Women and youth are playing a major role in efforts to save green turtles in the Turtle Islands Wildlife Sanctuary (TIWS), Tawi-Tawi. TIWS is part of the Turtle Islands Heritage Protected Area, which is Southeast Asia’s largest remaining nesting site for green turtles (Chelonia mydas) and hawksbill turtle (Eretmochelys imbricata)
The green sea turtles are threatened by large-scale illegal harvest and trade of turtle eggs, coastal erosion, and dumping of garbage along the shoreline. Left unchecked, these will lead to the further depletion of hatchlings. Among those that survive, majority will be female since rising temperatures result in the birth of more female than male turtles.
One major cause of depletion is that residents traditionally collect, sell, and eat turtle eggs even if these acts are illegal.
“We have to give them options aside from egg poaching and fishing,” said Raul Roldan, Deputy Team Leader for the Philippines of ADB and GEF-funded Coastal and Marine Resources Management in the Coral Triangle Southeast Asia (CTI-SEA). In TIWS, the project aims to address major threats to turtles, particularly human poaching. Fish catch in the area is dwindling and it is not easy to make people give up traditional practice,” said Roldan.
To give people an alternative to egg poaching, CTI-SEA has partnered with nongovernment organizations (NGOs) to provide existing people’s organizations (POs) with alternative livelihood support. This will not only help them earn but also ensure their food supply and conserve the turtles.
Since October 2014, CTI-SEA has supported two groups, the FRIENDS Youth Club and the Taganak Women Buyers Club, through alternative livelihood programs. It provides supplies for their t-shirt project and bag, wallet making, and keychain project, respectively. Both POs, which were organized under an earlier Coral Triangle project, are based in Taganak, which has the largest land area and population among the sanctuary’s six islands.
The women use recycled plastic from garbage left on the beaches to create wallets and purses. “We collect plastic sachets collected along the coastline of Taganak for the wallets and purses that we make using a pattern called lupi-lupi (a Tausug term which means “fold-fold”),” said Enelita Bungay, president of the TWBC. The club also makes woven turtle keychains out of plastic yarn from recycled plastic, all of which make good conversation pieces.
Less garbage will reduce the chances of turtles eating plastic. A cleaner beach will also help nesting turtles find a safe place to lay their eggs.
So far, business has been brisk. As of July 2015, the FRIENDS youth club has recovered its principal of P10,000 ($210 USD) in two months, ahead of projections. They also managed to expand the business.
TWBC received an additional interest-free loan of P60,000 ($1,261 USD) payable in six months. The recovered principal will be distributed to other members who can use it to expand their bag making business or venture into other small enterprises.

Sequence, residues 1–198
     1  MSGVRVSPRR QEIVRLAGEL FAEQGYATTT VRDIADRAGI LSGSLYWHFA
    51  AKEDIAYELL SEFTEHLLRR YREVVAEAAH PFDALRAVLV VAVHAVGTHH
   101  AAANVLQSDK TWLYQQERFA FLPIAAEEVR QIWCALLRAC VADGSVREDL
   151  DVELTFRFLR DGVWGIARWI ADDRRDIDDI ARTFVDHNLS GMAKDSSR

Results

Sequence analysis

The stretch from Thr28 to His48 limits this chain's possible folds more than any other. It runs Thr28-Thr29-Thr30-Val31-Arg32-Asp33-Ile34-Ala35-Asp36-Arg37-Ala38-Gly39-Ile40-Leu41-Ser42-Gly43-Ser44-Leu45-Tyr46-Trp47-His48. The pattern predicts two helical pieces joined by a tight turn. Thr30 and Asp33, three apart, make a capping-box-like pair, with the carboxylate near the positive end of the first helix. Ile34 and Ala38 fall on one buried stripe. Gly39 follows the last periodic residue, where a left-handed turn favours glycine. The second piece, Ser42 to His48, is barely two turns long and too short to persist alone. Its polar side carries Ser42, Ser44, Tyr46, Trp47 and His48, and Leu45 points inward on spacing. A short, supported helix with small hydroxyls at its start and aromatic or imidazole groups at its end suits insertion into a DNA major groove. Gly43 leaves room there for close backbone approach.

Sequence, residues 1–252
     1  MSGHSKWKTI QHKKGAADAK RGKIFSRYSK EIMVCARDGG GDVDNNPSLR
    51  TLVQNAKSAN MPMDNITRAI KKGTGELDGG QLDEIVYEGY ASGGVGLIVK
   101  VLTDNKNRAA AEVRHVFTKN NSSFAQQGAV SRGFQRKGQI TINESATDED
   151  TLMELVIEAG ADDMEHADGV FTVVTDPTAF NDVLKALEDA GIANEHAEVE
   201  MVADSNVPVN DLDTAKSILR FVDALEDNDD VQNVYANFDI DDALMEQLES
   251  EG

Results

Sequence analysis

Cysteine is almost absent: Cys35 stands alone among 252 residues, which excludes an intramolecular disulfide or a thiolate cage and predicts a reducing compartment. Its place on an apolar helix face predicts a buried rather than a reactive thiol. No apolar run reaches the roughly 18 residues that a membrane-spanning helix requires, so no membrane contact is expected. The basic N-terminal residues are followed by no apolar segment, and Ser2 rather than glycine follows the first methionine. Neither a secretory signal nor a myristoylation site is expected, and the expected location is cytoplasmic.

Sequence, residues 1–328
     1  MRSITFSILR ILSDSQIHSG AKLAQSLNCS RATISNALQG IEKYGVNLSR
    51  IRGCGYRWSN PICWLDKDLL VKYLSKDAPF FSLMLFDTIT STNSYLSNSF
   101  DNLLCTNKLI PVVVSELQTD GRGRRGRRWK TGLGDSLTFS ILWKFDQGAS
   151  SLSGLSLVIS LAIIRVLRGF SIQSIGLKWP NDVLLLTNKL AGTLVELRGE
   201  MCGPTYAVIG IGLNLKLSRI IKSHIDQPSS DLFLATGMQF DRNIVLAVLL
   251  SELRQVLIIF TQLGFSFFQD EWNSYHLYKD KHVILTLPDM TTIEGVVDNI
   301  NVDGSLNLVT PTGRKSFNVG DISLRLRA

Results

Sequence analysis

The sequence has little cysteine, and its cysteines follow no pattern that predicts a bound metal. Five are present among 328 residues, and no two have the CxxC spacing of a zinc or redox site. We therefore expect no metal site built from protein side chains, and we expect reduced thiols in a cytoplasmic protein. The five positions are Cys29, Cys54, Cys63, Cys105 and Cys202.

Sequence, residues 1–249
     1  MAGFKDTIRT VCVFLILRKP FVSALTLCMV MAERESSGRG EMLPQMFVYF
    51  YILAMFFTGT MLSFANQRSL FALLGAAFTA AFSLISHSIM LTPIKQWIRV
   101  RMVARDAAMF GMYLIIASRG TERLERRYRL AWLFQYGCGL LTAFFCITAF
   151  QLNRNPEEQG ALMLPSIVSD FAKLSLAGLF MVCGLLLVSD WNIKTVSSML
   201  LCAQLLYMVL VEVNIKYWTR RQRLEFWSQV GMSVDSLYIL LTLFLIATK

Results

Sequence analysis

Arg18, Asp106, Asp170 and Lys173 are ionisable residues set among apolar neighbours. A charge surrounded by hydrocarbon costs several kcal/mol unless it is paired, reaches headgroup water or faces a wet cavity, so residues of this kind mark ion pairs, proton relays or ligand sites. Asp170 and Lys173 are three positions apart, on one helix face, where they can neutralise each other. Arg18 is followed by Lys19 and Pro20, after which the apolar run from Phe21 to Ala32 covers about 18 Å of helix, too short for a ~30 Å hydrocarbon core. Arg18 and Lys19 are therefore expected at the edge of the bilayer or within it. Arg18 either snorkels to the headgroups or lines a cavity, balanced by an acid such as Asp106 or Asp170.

The Turtle Conservation Society of the Philippines (TCSP) and LAHAT, a community empowerment NGO, are currently advising TWBC on how to enhance and market their products. CTI-SEA and its partners are helping build the skills of FRIENDS and TWBC so that they can provide better quality souvenirs. This will serve as support to the national and local government’s plan to prepare TIWS for tourism, a plan that can potentially be rolled upon the ASEAN integration.
“These products not only help the turtles in the area by reducing threats from marine litter, the products also incorporate the local tradition and design of the local Jama Mapun and Tausug in the area,” said Kester Yu of TCSP. The organization taught the women how to create bags and crocheted products in 2011-2012.
CTI-SEA will also construct a materials recovery facility in the Turtle Island National high school and the municipal proper together with TCSP. They also plan to conduct an organic farming training in Taganak Island that will also be piloted in the local school this year to help provide nutritious food for the residents. A hand-on training on solid waste management and installation of materials recovery facility are also lined up in 2015.
The project is collaborating with development partners in setting up a network of protected areas in the sea turtle corridor that spans Indonesia, Malaysia, and the Philippines and which covers roughly 7.8 million hectares.
It also aims to address the issue of coastal erosion, which forces the turtles to nest further up the shore, where the vegetation makes it harder for them to create 1m deep nests. CTI-SEA will consult with partners and concerned government agencies to identify actions to mitigate shoreline erosion.
CTI-SEA will likewise assist in updating the general management plan of the turtle sanctuary by sharing the vulnerability assessment that results and hazard maps developed from a survey of five inhabited islands last year.
First published in Rappler on 3 October 2015.
(Exchange rate: 1 USD = 47.56 PHP as of February 18, 2016)